Parenting skills can be learned
Published: Saturday, October 27th, 2007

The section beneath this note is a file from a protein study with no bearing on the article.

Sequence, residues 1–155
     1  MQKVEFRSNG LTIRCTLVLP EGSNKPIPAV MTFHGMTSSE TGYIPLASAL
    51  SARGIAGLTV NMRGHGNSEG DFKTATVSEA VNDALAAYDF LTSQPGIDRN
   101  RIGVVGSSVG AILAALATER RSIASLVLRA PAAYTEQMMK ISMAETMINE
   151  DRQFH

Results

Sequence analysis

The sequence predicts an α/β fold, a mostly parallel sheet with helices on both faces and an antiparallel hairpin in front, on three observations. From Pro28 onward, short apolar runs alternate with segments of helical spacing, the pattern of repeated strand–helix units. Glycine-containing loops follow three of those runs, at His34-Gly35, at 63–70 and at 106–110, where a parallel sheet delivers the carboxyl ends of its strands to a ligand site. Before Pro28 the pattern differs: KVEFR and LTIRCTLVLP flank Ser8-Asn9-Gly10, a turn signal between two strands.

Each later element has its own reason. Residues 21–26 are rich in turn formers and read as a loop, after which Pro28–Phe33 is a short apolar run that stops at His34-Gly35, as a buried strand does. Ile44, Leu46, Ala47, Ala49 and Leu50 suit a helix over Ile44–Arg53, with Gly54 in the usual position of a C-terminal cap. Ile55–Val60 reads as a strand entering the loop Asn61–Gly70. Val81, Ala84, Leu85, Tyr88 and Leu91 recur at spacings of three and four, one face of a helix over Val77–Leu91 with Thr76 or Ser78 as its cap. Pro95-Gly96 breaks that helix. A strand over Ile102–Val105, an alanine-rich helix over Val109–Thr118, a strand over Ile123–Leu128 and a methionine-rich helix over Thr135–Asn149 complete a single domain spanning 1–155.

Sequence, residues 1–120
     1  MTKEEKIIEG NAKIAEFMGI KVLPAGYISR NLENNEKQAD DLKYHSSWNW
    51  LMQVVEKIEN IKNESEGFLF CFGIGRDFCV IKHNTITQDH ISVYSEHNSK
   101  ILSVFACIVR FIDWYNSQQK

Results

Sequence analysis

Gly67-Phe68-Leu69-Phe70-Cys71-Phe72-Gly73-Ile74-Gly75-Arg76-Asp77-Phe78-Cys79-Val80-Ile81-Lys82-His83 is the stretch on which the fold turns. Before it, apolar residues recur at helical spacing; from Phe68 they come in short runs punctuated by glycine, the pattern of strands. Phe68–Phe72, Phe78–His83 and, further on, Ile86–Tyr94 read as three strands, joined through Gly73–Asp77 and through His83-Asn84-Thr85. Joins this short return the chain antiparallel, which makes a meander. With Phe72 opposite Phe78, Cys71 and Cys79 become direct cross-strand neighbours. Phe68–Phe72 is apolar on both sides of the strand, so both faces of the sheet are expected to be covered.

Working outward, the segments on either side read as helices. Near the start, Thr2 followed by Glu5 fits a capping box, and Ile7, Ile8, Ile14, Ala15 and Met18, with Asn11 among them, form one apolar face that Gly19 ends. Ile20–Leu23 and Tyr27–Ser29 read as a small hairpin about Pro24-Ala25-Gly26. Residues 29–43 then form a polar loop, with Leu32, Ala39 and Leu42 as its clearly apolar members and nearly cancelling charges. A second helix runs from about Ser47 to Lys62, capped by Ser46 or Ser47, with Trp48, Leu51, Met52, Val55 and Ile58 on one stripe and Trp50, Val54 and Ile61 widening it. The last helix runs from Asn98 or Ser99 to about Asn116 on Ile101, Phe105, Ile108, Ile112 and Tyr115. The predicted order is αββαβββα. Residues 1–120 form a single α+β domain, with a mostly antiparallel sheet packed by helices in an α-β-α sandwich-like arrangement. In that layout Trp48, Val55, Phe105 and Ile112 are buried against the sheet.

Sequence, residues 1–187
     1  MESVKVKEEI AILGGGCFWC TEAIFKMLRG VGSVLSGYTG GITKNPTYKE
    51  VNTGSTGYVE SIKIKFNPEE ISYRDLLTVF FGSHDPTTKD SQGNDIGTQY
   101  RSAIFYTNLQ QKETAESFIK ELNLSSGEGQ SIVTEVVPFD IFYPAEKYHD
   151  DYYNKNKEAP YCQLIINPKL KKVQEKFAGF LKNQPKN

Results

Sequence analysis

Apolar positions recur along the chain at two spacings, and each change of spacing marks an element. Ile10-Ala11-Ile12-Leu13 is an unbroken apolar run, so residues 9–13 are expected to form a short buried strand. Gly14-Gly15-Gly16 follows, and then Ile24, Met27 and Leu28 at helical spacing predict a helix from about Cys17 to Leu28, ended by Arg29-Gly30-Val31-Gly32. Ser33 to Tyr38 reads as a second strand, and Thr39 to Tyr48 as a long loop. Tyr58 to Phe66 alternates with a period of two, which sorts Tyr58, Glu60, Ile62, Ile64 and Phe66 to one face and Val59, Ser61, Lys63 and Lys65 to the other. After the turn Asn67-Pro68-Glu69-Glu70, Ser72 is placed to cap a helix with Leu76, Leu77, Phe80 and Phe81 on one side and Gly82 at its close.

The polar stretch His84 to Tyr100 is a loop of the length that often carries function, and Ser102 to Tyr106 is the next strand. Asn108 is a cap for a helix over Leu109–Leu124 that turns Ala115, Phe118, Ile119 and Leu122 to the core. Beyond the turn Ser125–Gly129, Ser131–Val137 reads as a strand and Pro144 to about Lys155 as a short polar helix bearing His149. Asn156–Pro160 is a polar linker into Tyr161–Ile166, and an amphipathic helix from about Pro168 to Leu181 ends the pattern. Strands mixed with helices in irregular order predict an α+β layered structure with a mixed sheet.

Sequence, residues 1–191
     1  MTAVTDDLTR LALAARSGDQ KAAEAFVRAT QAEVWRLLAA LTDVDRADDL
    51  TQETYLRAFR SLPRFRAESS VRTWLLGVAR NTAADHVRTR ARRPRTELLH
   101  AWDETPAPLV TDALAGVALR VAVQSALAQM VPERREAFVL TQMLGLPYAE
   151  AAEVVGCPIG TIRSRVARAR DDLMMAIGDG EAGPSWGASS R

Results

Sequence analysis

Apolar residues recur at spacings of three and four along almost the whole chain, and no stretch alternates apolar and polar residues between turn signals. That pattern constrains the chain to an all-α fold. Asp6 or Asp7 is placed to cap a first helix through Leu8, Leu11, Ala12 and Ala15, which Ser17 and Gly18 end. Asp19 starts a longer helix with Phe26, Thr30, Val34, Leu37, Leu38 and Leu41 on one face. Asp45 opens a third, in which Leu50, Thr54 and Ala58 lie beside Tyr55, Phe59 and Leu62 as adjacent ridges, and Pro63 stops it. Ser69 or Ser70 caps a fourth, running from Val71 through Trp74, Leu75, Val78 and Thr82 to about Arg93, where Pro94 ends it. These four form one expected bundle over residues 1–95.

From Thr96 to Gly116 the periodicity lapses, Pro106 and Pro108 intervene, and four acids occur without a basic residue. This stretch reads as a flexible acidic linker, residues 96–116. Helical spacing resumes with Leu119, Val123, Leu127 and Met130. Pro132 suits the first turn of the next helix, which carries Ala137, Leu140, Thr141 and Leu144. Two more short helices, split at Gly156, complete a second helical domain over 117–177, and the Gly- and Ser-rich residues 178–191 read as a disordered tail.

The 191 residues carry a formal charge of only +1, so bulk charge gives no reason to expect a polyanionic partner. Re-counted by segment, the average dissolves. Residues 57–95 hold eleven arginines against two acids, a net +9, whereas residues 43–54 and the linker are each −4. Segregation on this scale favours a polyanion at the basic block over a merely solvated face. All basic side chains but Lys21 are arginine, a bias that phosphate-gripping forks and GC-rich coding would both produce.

Information on quick projects, seam finishes and making mini albums will be the featured topics on “Creative Living” at noon on Tuesday and at 2 p.m. on Saturday. Evelyn Langston, a designer with Ozark Crafts, will show a quick and easy ice scraper project that can be made in minutes — and it makes a great gift item. She lives in Gilbert, Ariz. Sewing expert, Vivian Lavinskas demonstrates French, flat and slotted seam finishes for jackets. They offer sturdy construction and enhance the appearance of the inside of the garment. She is with Singer Sewing Co. in Lavergne, Tenn. New Mexico Cooperative Extension home economist, Connie Moyers will show how to make mini albums in tin boxes using accordion-folded paper to capitalize on the space. These mini albums are a great way to get lots of pictures memorable occasions together in one place to enjoy. She lives in Clovis. Information on parenting skills and making edible vegetable bouquets will be the featured topics on “Creative Living” at 9:30 p.m. on Tuesday and at noon on Thursday. Representatives of the New Mexico Cooperative Extension Service in Carlsbad, Sandra Fry and Cathy Grandi will talk about parenting skills and teaching decision-making to children. They’ll also discuss why children misbehave and explain how to use consequences in teaching correct behavior. Geri Schwandt, a former food stylist from Portales, will show what it takes to make edible creative centerpieces that are guaranteed to be conversation pieces as well. Parenting Skills Years ago, parenting skills were learned from the extended family. If parents, grandparents, aunts, and uncles didn’t live in the same house, they usually lived within a few miles. They were always available to impart their considerable wisdom to the younger generation on the subjects of pregnancy, childbirth, and raising children. Now, we have become such a transient society; it is rare that the extended family is even in the same state. Since the late 20th and early 21st centuries, parents have had to learn creative ways to raise their children. People surf the Internet, read books, take classes, talk to people on the telephone, and make friends with parents who have “been there and done that.” These things are then filtered through our own morality, sensibilities, and personalities to make them work for our own families. Probably the most important and controversial parenting skill is discipline. Parents are conflicted over what type of discipline to apply at what time. Appropriate discipline for a 2-year-old might not be appropriate or effective for a 10-year-old or a teenager. The most important piece of the discipline puzzle is determining who is in charge: the parents or the child. This may sound simple, but the answer isn’t always clear. The fear of hurting a child’s feelings or crushing his spirit coerces many parents into allowing their children to rule the roost. Children need firm boundaries that come from clear and consistent parental discipline.
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